Male Chihuahua
Image credit: Pxhere

Here’s a good average based on age:

Age Maximum Time Between Potty Breaks Maximum Overnight Waits
2 months 1–2 hours 4–5 hours
3 months 2–3 hours 5–6 hours
4 months 3–4 hours 6–7 hours
5 months 4–5 hours 7–8 hours
6 months 5–6 hours 8 hours

*Tip: Remember that these numbers are averages, and they may vary from pup to pup.

3. Look for Visual Cues

We all know what it feels like to hold it when we need to go to the bathroom. When your Chihuahua is feeling the urge, you might notice body language like sniffing around or acting bothered. These cues can manifest in ways like whimpering, whining, or barking.

Some might not show any visual clues at all. It will depend significantly on the individual dog. So, make sure to stick to your schedule and adjust it as necessary.

4. Choose a Word

You will need to find a word that you associate with potty time. You can choose words like “potty,” “outside,” or any other singular word you prefer. Soon, your Chihuahua will be able to associate the word with the action. That way, every time you ask them if they need to go outside, they will respond.

Once you voice the word, you might notice your Chihuahua’s ears perking up or them growling or yipping at you with anticipation. These behaviors indicate that the concept is really starting to catch on.

chihuahua_Shutterstock_Shane N. Cotee
Image Credit: Shane N. Cotee, Shutterstock

5. Stick with a Routine

Just like with any other learned behavior, sticking with the routine helps to keep the behavior set. Everyone has a different learning pace, including your dogs. The longer you stick with something, and the more you repeat the exact same actions, eventually, every Chihuahua will catch on.

Many owners make the mistake of thinking that it’s going to be a breeze—but it isn’t. Your dog won’t just know where to go to the bathroom naturally. You have to train them to perform this action.

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Positive Reinforcement Training

Dogs don’t like to be in trouble. Chihuahuas are no exception. Even though these little spitfires might be a bit more challenging to train than others, that doesn’t mean that it can be done. If you thrive on giving your dog positive attention, they are twice as likely to repeat the action.

If your Chihuahua is scared of you or feels threatened by you, it might have an adverse effect.

Also, keep in mind that most dogs are highly food motivated, so every time your guy or gal goes to the potty like they should, reward them accordingly.

Potty Training an Older Chihuahua

Even though it might seem like a stretch, older chihuahuas can still learn to use the bathroom outside. You might need a bit more consistency and patience, but with time and perseverance, it can’t happen.

Image credit: HG-Fotografie, Pixabay

Some things to keep in mind when you’re training an older Chihuahua or that day aren’t familiar with this routine at all. You’ll have to unwind all of the learned behavior to persuade them their stools are better left on the grass.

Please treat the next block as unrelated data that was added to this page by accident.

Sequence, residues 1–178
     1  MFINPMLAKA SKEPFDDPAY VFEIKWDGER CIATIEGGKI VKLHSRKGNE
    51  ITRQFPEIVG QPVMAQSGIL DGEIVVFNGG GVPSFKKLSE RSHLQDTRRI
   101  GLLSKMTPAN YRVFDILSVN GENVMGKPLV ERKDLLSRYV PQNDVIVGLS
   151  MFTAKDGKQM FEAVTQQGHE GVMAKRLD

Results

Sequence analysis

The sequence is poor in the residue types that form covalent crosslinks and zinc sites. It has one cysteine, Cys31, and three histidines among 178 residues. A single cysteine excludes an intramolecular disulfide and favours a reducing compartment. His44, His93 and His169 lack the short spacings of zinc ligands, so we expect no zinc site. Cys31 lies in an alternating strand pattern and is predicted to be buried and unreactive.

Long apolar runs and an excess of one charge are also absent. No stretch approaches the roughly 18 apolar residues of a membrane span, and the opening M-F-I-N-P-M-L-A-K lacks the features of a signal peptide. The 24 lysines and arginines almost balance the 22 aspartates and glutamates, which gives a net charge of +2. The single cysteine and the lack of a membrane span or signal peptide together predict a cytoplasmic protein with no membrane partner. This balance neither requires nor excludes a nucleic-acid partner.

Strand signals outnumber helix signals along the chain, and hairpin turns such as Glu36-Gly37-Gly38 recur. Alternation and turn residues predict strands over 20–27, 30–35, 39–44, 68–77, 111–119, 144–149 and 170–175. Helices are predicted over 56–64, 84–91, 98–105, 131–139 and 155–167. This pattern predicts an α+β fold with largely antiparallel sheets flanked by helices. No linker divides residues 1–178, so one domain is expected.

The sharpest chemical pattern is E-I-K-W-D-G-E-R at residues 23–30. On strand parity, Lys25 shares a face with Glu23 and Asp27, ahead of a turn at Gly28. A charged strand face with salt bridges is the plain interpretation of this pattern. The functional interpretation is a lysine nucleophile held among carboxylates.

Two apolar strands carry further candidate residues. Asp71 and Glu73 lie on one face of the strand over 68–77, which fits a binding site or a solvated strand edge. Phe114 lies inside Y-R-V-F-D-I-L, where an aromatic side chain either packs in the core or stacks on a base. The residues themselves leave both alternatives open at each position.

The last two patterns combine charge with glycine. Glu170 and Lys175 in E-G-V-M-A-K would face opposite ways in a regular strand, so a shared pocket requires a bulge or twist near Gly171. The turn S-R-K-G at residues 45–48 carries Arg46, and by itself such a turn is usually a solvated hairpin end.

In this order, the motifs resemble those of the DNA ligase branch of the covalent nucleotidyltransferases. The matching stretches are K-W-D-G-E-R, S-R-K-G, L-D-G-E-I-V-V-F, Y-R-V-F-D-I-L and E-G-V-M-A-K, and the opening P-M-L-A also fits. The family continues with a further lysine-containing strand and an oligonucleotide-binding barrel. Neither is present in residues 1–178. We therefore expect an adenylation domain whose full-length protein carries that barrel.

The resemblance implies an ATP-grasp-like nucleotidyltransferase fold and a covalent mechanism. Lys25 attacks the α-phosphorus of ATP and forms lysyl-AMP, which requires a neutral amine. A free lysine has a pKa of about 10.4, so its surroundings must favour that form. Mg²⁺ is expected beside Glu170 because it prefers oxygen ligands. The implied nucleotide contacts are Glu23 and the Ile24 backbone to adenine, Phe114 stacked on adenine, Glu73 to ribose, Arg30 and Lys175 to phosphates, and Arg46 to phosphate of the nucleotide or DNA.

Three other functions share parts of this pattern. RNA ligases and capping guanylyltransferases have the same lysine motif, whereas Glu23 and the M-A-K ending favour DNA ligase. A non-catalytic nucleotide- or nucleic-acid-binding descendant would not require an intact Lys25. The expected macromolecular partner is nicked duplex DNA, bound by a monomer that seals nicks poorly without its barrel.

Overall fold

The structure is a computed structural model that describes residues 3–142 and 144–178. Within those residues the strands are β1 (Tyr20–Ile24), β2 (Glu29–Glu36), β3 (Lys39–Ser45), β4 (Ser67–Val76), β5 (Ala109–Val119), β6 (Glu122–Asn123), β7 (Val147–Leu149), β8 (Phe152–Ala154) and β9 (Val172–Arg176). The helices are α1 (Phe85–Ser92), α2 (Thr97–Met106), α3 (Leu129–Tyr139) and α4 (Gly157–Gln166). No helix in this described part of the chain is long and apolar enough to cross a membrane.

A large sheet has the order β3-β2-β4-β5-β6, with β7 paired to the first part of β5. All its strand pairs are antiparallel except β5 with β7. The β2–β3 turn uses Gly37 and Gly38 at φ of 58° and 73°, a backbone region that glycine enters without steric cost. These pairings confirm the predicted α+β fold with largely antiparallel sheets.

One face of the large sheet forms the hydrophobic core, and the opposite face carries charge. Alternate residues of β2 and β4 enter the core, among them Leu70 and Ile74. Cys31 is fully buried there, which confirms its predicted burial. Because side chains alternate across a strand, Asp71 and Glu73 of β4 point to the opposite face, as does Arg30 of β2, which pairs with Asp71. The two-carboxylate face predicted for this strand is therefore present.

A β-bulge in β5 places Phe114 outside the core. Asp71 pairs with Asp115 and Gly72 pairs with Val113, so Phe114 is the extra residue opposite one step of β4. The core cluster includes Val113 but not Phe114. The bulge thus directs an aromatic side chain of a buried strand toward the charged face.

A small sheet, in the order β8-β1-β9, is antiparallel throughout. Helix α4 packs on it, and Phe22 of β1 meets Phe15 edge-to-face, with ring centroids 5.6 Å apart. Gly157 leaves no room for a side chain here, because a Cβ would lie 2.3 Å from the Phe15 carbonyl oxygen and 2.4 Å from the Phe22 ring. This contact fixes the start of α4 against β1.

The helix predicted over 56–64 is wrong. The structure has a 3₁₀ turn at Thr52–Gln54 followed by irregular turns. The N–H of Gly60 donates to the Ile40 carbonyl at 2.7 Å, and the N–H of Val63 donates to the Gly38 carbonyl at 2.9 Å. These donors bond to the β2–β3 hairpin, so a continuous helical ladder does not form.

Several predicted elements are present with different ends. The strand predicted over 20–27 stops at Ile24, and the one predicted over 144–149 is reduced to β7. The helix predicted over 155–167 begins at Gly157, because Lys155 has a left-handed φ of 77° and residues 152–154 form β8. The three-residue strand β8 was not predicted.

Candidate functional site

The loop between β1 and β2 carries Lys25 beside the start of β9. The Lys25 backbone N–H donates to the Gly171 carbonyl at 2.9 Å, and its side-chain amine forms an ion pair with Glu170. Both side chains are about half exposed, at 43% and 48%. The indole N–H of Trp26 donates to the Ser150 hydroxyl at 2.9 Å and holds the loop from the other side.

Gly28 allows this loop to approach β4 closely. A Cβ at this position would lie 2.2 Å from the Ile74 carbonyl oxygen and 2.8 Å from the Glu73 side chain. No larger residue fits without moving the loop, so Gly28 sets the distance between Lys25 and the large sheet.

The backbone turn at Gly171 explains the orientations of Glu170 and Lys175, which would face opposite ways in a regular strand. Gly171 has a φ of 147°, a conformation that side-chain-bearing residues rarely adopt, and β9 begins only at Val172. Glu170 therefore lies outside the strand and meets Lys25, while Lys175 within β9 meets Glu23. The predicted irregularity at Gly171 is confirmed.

It’s never too late to unlearn bad habits.

Bathroom Buddies

Sometimes having an already-trained companion is a very positive thing for potty training. When you let your older dog out, your younger pup will follow.

These repeated actions and good manners will translate to the puppy. Like us, dogs learn from their peers. Allowing them to witness another canine behaving well can really impact their overall success in potty training.

Stay Positive!

Chihuahuas are just as capable as any other dog of learning to go to the bathroom outside. The energy between you and your dog says a lot about the overall success of the training period. Mentally put yourself in your pup’s position and try to maintain a level head at all times.

Here are some takeaway tips:

  • Set up a plan and routine for yourself before introducing it to your Chihuahua.
  • Keep a consistent schedule, making potty time the exact same every single time.
  • Use a word that your dog will know, so they directly relate their urges with outside.
  • Try to use training methods like puppy pads and litter boxes for a short time—and don’t give up on outdoor training.
  • Don’t use negative reinforcement training or harsh punishments, which can lead to much worse behaviors in the long run.
  • Learn your Chihuahua’s body language and preferences to work with them accordingly.

If you follow the above steps and tips, your dog will eventually get the hang of things. It might seem like a slow-moving process but know that you’re making progress even if you can’t see it at first.

Remember that your pup is probably learning all of this, much like human babies develop over time. Don’t beat yourself up if you have to resort to using puppy pads or litter boxes in your home for a brief time. What’s most important is your Chihuahua’s comfort—try to cater to their learning style.

chihuahua pooping_Shutterstock_CHUDEACH SATIT
Image Credit: CHUDEACH SATIT, Shutterstock

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Final Thoughts

Every dog owner can agree that potty training is possibly one of the most taxing parts of training you will do with your little one. Just remember they are learning all of this for the very first time. Once they finally get the hang of things, this will be but one memory of many to come. We hope this helps you potty train your Chihuahua!

Do your part by creating a routine that works for you both. Consider this a bonding experience that will grow trust and understanding between you. Soon, you will have a well-trained, housebroken Chihuahua, and you can focus on other aspects of your relationship.

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Featured Image Credit: Chaisit Rattanachusri, Shutterstock